North Carolina Health News – Expert: Insurance Pain Coming for NC Businesses, Workers
Employees can expect to see more high-deductible health policies as employers try to control costs, a health researcher and former journalist told members of the Charlotte Chamber Friday.
Fellow panelist Georges Benjamin, executive director of the American Public Health Association, agreed that this wasn’t a smart business decision: “Business people know the first principle of business is not to leave one dime on the table.”
Benjamin, a physician and former Maryland health secretary, told the chamber crowd that federal Medicaid money could have been used to improve mental health services, a need described earlier in the session by John Santopietro of Carolinas HealthCare System. “The beauty of Medicaid is it is run by the states,” Benjamin said. “They can do this. The governors can be creative.”

The Pump Handle – New study finds link between mass job losses and teen suicide behaviors
Previous research has documented a link between downturns in the economy and suicide among adults. But how do those downturns ripple throughout families and communities, and in particular, how do massive job losses affect the mental health of teens? A new study has found that, sadly, many teens are not immune to the stress of a struggling economy.
Published online last week in the American Journal of Public Health, researchers found that increases in statewide job losses are associated with heightened suicide-related behaviors among adolescent girls and black teens.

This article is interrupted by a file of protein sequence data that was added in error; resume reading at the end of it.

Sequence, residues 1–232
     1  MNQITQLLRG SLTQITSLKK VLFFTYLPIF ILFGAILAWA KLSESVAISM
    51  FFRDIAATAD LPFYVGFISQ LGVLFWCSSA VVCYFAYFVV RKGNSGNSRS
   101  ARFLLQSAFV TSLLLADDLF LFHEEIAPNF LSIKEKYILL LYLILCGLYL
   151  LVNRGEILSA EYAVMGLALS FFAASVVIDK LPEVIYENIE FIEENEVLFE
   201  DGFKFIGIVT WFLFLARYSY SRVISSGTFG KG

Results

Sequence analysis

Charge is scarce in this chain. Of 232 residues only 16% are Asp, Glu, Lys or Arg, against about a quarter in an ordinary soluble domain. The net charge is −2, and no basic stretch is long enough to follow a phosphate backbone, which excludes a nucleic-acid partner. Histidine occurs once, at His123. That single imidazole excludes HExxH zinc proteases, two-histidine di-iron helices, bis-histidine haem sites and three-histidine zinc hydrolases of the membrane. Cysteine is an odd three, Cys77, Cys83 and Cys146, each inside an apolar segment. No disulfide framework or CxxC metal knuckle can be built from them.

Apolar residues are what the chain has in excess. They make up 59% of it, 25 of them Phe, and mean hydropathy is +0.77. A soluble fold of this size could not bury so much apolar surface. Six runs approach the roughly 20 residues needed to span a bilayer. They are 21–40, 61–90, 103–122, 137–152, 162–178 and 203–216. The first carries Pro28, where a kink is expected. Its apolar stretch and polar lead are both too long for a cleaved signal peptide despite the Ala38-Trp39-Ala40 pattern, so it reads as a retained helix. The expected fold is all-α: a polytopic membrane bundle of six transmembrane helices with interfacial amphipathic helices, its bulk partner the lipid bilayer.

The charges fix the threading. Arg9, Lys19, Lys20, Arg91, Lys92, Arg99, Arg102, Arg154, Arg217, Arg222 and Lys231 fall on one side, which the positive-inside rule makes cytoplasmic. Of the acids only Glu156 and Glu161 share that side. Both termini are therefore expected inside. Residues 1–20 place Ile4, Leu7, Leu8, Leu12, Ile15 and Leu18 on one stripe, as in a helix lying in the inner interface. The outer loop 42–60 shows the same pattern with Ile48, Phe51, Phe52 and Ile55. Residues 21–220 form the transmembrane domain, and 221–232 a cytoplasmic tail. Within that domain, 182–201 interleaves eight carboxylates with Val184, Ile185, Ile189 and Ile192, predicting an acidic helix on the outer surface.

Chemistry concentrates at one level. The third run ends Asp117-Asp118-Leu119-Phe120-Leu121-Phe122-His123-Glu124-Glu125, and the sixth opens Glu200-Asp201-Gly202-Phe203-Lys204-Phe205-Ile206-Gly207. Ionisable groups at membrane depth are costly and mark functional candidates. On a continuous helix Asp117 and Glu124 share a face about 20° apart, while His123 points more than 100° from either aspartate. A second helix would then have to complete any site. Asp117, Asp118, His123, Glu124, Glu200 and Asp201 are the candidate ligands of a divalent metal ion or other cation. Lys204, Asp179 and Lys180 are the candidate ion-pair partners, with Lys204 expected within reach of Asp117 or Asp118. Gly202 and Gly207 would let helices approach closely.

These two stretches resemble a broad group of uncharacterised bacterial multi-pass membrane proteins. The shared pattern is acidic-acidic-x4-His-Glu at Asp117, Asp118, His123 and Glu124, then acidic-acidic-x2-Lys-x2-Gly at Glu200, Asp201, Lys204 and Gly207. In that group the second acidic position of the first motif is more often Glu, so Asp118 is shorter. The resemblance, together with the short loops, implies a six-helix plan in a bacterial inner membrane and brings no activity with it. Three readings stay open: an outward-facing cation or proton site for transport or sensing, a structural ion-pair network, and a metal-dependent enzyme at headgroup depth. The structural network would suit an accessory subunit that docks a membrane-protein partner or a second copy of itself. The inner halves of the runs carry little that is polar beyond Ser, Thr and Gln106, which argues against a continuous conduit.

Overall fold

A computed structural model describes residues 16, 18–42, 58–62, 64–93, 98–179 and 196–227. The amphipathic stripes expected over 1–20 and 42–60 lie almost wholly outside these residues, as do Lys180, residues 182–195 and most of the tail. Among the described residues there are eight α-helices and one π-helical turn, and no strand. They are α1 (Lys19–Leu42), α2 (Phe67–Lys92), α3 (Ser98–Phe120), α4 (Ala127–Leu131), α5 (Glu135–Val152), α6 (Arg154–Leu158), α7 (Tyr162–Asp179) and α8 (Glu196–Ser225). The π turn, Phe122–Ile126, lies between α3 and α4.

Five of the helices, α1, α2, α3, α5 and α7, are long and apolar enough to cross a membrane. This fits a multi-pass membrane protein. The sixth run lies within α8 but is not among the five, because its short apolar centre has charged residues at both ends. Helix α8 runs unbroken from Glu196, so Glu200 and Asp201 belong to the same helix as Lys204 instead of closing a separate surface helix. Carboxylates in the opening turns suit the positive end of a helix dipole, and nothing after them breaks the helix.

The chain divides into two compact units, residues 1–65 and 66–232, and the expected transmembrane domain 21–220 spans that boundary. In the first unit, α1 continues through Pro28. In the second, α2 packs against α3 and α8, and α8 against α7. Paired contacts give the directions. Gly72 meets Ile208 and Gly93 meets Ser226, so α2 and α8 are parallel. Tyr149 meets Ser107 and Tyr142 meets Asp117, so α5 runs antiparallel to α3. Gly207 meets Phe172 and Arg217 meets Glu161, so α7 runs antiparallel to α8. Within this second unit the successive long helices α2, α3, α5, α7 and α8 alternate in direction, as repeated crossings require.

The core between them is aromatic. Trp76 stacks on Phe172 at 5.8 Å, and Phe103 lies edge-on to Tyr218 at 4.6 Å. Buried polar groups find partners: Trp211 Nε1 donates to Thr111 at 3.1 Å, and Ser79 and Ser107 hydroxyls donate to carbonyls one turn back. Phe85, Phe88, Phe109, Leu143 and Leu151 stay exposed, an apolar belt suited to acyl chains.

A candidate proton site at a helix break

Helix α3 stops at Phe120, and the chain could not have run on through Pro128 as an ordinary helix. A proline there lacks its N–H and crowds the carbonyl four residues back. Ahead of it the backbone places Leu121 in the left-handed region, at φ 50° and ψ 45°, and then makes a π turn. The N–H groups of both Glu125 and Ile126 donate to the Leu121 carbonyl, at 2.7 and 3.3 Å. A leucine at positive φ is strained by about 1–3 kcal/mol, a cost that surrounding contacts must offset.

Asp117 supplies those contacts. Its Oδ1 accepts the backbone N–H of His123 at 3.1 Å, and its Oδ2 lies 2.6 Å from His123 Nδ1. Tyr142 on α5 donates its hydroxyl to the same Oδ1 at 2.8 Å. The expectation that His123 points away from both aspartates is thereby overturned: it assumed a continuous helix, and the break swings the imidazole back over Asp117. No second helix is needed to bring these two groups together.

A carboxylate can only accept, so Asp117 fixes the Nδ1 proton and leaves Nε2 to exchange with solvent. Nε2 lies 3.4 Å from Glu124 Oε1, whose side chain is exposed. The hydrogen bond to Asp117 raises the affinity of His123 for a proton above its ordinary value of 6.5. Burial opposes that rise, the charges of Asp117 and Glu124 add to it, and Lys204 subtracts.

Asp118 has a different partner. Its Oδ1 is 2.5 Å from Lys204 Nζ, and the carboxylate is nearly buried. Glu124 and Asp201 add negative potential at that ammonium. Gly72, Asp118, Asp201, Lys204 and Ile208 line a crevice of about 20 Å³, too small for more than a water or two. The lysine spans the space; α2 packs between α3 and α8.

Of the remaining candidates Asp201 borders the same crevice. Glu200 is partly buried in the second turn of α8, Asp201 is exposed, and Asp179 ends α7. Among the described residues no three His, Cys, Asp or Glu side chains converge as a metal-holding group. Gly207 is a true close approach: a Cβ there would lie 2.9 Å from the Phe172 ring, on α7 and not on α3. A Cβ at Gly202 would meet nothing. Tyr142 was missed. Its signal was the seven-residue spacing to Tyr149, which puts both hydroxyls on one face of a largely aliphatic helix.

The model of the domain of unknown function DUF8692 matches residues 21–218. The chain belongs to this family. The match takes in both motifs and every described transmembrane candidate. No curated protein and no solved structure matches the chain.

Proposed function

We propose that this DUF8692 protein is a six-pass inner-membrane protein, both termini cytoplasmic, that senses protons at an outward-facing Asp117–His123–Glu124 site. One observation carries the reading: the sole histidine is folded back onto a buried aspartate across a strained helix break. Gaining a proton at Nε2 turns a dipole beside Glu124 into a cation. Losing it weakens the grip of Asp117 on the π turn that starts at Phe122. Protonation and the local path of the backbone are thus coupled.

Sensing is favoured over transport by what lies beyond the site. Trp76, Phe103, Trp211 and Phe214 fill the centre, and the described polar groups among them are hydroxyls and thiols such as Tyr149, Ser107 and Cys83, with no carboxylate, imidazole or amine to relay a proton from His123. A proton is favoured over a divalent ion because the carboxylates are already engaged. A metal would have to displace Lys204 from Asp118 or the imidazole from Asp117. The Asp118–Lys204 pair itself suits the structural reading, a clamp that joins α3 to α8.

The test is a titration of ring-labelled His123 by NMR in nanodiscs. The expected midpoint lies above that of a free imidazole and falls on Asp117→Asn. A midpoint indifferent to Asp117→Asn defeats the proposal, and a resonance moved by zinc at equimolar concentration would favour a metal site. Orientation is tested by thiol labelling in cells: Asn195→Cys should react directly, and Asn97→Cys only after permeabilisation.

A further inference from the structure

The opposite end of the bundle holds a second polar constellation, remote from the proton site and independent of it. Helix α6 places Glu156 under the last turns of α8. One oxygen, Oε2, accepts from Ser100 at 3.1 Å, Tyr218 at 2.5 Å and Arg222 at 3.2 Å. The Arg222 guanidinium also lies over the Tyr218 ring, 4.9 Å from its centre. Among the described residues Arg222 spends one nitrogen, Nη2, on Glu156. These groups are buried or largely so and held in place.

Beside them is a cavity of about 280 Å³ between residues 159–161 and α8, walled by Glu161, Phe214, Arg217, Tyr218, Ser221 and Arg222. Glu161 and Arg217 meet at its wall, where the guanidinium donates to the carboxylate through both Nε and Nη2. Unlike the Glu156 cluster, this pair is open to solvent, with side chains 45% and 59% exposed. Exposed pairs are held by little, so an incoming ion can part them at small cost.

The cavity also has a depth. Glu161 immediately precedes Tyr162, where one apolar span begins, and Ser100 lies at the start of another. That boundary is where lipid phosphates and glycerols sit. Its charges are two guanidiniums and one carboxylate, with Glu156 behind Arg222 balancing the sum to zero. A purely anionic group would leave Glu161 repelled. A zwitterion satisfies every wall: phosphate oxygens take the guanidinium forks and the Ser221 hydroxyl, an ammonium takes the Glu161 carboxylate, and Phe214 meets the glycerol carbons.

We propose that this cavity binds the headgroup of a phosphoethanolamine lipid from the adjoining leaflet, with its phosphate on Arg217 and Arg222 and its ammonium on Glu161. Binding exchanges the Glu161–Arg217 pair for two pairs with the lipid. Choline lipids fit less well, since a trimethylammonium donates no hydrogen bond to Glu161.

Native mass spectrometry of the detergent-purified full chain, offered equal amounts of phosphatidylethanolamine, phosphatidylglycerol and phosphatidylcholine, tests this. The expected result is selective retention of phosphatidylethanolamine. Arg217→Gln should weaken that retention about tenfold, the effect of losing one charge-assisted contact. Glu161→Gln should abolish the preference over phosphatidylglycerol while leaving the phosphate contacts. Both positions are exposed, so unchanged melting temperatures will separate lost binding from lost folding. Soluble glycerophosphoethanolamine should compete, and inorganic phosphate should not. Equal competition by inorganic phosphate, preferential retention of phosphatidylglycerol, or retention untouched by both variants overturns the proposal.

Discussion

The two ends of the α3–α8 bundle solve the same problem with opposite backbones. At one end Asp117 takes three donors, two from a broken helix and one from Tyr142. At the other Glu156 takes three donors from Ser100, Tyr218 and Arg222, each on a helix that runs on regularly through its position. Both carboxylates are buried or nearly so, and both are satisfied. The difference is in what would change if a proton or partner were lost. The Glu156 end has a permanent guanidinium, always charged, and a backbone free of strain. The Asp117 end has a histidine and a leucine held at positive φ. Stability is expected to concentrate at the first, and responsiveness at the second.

The Washington Post – 21 of America’s biggest cities average fewer than seven hours of sleep a night
Americans might run on sleep, but those living in the country’s largest cities don’t appear to run on much.
Jawbone, the maker of the popular fitness tracker by the same name, crunched data for tens of thousands of its users in over twenty of the United State’s largest cities (and several thousand users in more than twenty of the largest cities around the world).

Los Angeles Times – Simple measures made hospital patients 70% more likely to quit smoking
A free supply of nicotine replacement medication and a handful of automated phone calls made smokers who wanted to quit much more likely to succeed, according to results of a clinical trial published Tuesday in the Journal of the American Medical Assn.
The researchers who designed the trial said they were looking for a simple and inexpensive way to aid smokers who were already motivated to kick the habit. They estimated that once their 90-day program was set up, it could be maintained at a cost of less than $1,000 per quitter.